Arrow-right Camera
The Spokesman-Review Newspaper

The Spokesman-Review Newspaper The Spokesman-Review

Spokane, Washington  Est. May 19, 1883
Rain 34° Rain
News >  Spokane

Remains are Dylan’s

 The search for Dylan Groene, missing since his abduction in May, is over.
 (File/Associated Press / The Spokesman-Review)
The search for Dylan Groene, missing since his abduction in May, is over. (File/Associated Press / The Spokesman-Review)
Staff writer

The FBI has identified the human remains found in a rugged area of Western Montana as those of Dylan Groene, the 9-year-old North Idaho boy who had been missing since he and his sister were abducted in May from their home east of Coeur d’Alene.

Eight-year-old Shasta Groene was rescued July 2 at a Denny’s restaurant in Coeur d’Alene, and her alleged kidnapper, Joseph E. Duncan III, was taken into custody. Duncan, a registered sex offender, is being held on kidnapping charges in the Kootenai County Jail.

Authorities began searching in Western Montana after talking to Shasta and found human remains at a campsite in the Lolo National Forest west of St. Regis last Monday. The remains were sent to the FBI’s lab in Quantico, Va., for DNA analysis.

The Kootenai County Sheriff’s Department said Sunday that the FBI had positively identified the remains as those of Dylan.

Dylan’s and Shasta’s father, Steve Groene, said Shasta did not know the fate of her brother until the family received confirmation over the weekend.

“She asked me last week in the hospital if I knew what had happened to Dylan,” Groene said.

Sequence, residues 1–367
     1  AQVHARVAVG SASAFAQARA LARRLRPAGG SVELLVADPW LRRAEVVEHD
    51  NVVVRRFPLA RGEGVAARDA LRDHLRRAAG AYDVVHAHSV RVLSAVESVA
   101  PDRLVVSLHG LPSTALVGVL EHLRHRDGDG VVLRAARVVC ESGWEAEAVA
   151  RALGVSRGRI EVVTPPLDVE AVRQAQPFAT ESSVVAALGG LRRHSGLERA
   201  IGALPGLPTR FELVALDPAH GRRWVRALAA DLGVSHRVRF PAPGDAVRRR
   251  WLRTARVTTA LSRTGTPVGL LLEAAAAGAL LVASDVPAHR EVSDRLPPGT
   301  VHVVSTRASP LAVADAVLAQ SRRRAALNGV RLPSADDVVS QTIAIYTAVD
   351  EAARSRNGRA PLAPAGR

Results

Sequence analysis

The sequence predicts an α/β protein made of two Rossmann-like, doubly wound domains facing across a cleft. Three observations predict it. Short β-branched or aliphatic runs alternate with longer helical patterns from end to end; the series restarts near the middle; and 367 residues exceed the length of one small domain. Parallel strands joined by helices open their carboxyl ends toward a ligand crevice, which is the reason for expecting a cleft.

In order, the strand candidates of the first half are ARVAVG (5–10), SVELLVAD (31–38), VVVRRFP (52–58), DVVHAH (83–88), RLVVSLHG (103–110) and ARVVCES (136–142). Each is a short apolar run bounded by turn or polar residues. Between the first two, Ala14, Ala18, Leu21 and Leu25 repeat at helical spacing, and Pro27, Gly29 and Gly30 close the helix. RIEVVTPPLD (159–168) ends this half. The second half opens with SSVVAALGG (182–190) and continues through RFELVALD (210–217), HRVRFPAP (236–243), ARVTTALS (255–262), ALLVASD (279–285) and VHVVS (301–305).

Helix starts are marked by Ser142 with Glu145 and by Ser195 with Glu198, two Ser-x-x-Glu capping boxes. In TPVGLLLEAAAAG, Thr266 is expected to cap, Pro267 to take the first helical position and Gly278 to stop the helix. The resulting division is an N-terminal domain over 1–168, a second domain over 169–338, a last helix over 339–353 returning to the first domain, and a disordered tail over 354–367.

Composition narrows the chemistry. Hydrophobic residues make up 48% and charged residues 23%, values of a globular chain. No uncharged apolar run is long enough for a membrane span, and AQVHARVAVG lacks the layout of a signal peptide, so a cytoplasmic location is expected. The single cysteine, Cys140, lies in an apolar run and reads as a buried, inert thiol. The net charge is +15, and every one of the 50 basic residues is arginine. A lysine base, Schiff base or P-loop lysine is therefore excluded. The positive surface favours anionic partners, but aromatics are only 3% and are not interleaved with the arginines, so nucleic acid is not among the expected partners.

Groene said the family will invite the public to a memorial service for Dylan in coming days.

“My family appreciates everybody’s thoughts and prayers,” Groene said.

Sunday’s announcement brought a final accounting of the victims in a horrific crime that has gripped the region since May 16, when the bludgeoned and bound bodies of Brenda Groene, 40; her 13-year-old son, Slade; and her boyfriend, Mark McKenzie, 37, were found in their rural home.

The discovery of the bodies set off a national search for the missing children, Shasta and Dylan, who authorities believe were randomly selected by Duncan. Last week, investigators said Duncan was responsible for the killings as well as the kidnapping of the two children, but he has not been charged in the deaths.

Wendy Price, Dylan’s aunt, said Sunday’s news brought closure to a family that has spent two months wondering about the fate of the children.

“Steve has some comfort in knowing where all his children are,” Price said. “Every parent wants to be able to put their child to rest. In a situation like this, there has to be something to cling on to. We know that Dylan and Slade are with their mother now.”

Kootenai County Sheriff’s Capt. Ben Wolfinger held a brief news conference Sunday afternoon to announce the FBI results but declined to answer questions. He said he would not confirm media reports that Dylan had been cremated, nor discuss the manner of death.

A preliminary hearing in Duncan’s case is scheduled July 19.

The Spokesman-Review Newspaper

Local journalism is essential.

Give directly to The Spokesman-Review's Northwest Passages community forums series -- which helps to offset the costs of several reporter and editor positions at the newspaper -- by using the easy options below. Gifts processed in this system are not tax deductible, but are predominately used to help meet the local financial requirements needed to receive national matching-grant funds.

Active Person

Subscribe now to get breaking news alerts in your email inbox

Get breaking news delivered to your inbox as it happens.